A Canadian company hoping to contribute to the world’s vaccination efforts says it has reached a deal to provide 15 million doses of the single-dose Johnson & Johnson/Janssen COVID-19 vaccine to Bolivia, but it cannot move ahead until it is allowed to actually produce it.
Biolyse Pharma, an Ontario-based manufacturer, says it already has the capacity to produce up to 20 million doses annually of an already-approved viral-vector COVID-19 vaccine, like the AstraZeneca or Johnson & Johnson vaccines, with the potential to produce 50 million doses.
However, it’s unable to do so without a voluntary licence from the patent holder, a compulsory licence through special legislation or the waiving of intellectual property rights.
According to the World Health Organization, Bolivia — which has a population of roughly 11.6-million — has recorded a total of 317,547 confirmed cases of COVID-19 with 13,205 deaths as of May 10. The WHO says 972,846 doses of vaccine have been administered.
On a per 100,000 population basis, Bolivia actually has fewer cases than Canada (2,720 compared to 3,391 cases per 100,000 in Canada) but the South American country has nearly twice as many deaths (113 compared to 65 deaths per 100,000).
Canada, which has a population of about 37.7 million, has administered 15,182,710 doses of vaccine, according to the WHO, or nearly five times as many as Bolivia on a per population basis.
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The agreement with Bolivia is part of Biolyse’s push for a rarely-sought compulsory licence through Canada’s Access to Medicines Regime (CAMR), which is Canada’s legislation that reflects the World Trade Organization’s agreement on Trade-Related Aspects of Intellectual Property Rights (TRIPS).
The compulsory licence would basically allow Biolyse to override a patent to produce vaccine for export to countries in need.
“This is certainly seen as a very welcome step,” Antony Taubman, director of the WTO’s intellectual property division, said during the announcement.
“And one that may, perhaps, pave the way for other members to make use of this system, to signal unmet needs, and to help precipitate a response to those urgent medical needs.”
As part of the process, Canada’s list of Schedule I drugs under its Patent Act would also have to be amended to include whatever the company is looking to export, in this case, COVID-19 vaccine.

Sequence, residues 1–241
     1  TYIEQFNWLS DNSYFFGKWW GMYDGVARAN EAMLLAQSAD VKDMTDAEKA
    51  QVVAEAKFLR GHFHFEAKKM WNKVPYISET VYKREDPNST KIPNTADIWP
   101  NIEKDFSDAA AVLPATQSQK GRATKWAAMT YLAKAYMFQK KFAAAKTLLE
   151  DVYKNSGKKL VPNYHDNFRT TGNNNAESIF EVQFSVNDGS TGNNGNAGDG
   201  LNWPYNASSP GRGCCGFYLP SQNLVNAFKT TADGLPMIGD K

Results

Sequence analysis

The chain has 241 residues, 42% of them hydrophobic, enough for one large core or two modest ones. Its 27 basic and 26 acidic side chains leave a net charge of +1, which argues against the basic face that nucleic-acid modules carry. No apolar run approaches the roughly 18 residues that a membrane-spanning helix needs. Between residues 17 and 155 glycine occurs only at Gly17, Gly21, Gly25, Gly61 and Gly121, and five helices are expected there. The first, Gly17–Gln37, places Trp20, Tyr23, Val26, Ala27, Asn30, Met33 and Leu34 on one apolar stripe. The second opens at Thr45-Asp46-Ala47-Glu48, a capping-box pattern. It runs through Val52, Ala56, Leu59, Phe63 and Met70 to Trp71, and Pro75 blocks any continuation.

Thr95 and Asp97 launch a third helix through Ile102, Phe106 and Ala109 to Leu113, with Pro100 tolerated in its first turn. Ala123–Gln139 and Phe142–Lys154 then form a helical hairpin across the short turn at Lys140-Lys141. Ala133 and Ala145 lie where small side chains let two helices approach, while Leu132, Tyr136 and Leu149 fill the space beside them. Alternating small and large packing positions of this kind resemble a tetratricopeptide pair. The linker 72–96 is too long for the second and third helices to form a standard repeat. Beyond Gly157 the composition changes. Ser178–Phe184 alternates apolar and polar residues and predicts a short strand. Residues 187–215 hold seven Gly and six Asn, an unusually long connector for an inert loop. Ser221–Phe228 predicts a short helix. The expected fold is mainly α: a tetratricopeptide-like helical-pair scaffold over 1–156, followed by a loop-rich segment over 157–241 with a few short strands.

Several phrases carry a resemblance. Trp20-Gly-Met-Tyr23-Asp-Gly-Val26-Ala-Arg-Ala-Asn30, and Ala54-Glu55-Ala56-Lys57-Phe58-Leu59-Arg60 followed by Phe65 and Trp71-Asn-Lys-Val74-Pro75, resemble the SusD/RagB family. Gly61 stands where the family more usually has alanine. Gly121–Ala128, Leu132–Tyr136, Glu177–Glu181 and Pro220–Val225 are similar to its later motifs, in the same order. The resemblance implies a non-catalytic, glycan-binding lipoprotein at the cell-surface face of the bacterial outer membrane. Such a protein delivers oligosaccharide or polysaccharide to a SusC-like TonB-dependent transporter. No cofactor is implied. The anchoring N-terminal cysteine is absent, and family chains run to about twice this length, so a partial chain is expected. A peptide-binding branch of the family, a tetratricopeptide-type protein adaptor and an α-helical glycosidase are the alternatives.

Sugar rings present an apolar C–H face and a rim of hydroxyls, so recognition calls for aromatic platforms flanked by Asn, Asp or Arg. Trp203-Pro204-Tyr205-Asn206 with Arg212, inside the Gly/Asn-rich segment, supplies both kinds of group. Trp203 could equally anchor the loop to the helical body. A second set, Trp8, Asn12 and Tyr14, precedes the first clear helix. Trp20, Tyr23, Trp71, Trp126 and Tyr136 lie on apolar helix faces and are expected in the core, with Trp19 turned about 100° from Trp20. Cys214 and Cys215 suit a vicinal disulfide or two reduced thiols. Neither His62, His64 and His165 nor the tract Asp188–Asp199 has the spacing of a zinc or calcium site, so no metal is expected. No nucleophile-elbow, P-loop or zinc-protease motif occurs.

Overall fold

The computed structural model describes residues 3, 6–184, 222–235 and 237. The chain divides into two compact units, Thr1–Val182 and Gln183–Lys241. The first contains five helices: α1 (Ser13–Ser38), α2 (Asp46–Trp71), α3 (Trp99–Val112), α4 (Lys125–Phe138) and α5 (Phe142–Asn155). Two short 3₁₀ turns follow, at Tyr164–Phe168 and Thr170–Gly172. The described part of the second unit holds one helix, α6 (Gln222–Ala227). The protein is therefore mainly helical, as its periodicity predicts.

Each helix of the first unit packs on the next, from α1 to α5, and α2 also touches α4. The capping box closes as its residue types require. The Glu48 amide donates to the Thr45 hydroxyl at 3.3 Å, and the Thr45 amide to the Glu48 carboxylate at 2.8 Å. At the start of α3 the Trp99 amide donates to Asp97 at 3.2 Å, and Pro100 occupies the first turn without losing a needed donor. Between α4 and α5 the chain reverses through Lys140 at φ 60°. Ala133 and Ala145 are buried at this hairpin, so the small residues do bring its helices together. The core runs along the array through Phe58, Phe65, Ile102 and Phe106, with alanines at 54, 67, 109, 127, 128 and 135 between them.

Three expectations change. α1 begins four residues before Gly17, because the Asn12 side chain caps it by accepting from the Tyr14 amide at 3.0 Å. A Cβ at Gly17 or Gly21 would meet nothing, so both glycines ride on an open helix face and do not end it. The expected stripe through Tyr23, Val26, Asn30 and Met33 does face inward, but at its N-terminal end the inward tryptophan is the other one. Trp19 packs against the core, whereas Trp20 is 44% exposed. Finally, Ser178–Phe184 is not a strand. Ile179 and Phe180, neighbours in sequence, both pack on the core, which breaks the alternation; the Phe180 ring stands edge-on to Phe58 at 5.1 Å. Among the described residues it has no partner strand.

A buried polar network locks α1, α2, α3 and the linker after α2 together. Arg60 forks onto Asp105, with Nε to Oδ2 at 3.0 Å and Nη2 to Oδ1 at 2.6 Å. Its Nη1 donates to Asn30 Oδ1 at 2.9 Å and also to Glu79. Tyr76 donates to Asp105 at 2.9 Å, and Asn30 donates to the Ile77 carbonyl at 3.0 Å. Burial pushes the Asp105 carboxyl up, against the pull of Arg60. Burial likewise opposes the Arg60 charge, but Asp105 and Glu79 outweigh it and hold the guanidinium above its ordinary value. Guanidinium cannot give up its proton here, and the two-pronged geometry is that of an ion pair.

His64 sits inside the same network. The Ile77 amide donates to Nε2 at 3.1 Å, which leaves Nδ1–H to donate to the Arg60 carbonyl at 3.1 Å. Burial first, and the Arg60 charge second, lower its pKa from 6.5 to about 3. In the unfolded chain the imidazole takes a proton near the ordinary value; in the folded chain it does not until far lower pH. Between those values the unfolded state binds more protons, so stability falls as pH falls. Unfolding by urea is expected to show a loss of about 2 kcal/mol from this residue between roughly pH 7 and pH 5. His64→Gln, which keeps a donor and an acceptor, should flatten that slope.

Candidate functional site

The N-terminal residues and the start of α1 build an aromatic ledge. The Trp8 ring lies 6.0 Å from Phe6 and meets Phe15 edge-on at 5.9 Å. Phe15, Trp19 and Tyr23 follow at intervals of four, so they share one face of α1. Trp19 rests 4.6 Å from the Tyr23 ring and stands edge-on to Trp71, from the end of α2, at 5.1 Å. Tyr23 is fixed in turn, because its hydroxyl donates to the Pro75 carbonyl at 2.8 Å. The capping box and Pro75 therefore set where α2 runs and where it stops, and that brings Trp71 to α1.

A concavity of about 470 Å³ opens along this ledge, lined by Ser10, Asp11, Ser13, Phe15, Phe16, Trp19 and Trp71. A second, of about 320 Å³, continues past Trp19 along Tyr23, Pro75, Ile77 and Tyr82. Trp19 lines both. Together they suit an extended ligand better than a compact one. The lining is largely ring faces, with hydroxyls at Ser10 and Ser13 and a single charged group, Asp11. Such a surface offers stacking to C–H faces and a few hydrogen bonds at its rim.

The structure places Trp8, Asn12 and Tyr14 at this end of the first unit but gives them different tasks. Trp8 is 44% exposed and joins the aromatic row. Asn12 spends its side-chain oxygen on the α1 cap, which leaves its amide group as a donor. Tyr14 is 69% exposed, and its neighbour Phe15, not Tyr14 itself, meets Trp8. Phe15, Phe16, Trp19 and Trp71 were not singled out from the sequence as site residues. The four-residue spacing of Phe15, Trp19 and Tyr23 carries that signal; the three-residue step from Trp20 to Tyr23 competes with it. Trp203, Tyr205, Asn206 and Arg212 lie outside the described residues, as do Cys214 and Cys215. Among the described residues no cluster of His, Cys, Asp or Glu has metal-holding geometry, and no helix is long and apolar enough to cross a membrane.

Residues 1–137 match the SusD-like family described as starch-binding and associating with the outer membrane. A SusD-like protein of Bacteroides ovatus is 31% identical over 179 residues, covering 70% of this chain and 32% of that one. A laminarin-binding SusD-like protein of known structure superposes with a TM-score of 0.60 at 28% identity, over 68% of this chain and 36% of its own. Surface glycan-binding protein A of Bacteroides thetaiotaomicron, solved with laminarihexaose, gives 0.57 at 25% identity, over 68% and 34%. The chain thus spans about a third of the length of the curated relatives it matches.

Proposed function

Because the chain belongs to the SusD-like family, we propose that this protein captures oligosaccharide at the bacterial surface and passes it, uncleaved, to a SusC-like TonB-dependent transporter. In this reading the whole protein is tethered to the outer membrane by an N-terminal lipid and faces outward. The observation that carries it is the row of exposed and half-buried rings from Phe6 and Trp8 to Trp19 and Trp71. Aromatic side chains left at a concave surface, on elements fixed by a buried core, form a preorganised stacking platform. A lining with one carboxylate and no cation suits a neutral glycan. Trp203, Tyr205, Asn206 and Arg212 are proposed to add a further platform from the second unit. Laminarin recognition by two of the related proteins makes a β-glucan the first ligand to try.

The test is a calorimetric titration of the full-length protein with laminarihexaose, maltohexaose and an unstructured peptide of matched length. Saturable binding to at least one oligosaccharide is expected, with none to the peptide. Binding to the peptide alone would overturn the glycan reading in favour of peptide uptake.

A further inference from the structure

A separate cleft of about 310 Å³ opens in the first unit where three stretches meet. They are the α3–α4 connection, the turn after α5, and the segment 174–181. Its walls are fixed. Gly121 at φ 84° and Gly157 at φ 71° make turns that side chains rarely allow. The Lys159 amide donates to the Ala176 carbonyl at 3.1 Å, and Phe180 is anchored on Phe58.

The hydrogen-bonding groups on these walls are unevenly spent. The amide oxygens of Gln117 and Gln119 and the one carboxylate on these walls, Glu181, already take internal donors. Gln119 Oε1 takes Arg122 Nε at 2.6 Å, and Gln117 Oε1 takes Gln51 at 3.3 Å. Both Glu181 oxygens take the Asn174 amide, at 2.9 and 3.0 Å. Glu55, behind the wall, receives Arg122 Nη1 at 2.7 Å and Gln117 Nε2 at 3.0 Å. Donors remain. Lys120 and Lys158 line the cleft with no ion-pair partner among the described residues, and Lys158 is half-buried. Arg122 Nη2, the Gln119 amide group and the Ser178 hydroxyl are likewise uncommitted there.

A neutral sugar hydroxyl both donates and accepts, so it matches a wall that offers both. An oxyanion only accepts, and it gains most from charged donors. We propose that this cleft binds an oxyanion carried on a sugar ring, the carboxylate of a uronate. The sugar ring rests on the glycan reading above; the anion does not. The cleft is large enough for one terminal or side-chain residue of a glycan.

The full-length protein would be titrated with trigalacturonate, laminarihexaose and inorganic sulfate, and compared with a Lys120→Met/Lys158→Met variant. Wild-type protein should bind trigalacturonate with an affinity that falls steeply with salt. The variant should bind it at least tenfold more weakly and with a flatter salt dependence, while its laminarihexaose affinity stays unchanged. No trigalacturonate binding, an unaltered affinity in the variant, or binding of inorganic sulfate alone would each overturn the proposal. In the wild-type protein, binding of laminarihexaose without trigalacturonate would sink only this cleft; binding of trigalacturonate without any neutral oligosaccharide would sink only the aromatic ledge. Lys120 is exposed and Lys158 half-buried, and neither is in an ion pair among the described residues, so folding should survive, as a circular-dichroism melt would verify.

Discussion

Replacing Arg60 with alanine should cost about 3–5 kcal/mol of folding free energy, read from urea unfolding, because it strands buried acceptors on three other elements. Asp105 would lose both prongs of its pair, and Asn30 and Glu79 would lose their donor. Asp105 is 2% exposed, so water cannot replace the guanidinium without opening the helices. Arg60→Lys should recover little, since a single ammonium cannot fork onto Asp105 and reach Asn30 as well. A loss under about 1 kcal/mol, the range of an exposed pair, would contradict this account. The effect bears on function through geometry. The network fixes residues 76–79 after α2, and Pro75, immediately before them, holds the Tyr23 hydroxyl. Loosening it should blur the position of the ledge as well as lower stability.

The process can be lengthy, with amending the Patent Act alone previously taking as long as 15 months.
Biolyse had a meeting with Health Canada officials on April 7 but was still waiting for information on how to move forward with its request as of May 8.
The country looking to import also has a process to follow through the WTO’s TRIPS agreement.
“This is a path that we are taking with commitment to the right to life, completely convinced that the economy should be in service of life and not the other way around,” Bolivia’s Foreign Affairs Minister Rogelio Mayta said through an interpreter.
“We need to unite to find ways to overcome the pandemic. If we have to do compulsory licences, let’s do it. If we have to change the rules of the WTO, let’s do it. If we have to free the patents and transfer technology, then let’s do it.”
The European Union is also willing to discuss the waiver.
“We welcome the statements by the Biden administration in support of the TRIPS waiver. Governments need to take all measures to allow companies like ours to manufacture,” said Biolyse president Brigitte Kiecken.
On Friday, Prime Minister Justin Trudeau said Canada was working on a “consensus-based solution” around the question of waiving intellectual property rights on COVID-19 vaccines.
“We’re engaged wholeheartedly in these discussions on various proposals,” he said at a press conference.
“I can assure you that Canada is not interfering or blocking. Canada is very much working to find a solution that works for everyone.”
Global News has reached out to Health Canada, the Prime Minister’s Office and Janssen Canada for comment but had yet to receive a response by publication time.
— With files from Global News’ Rachael D’Amore.
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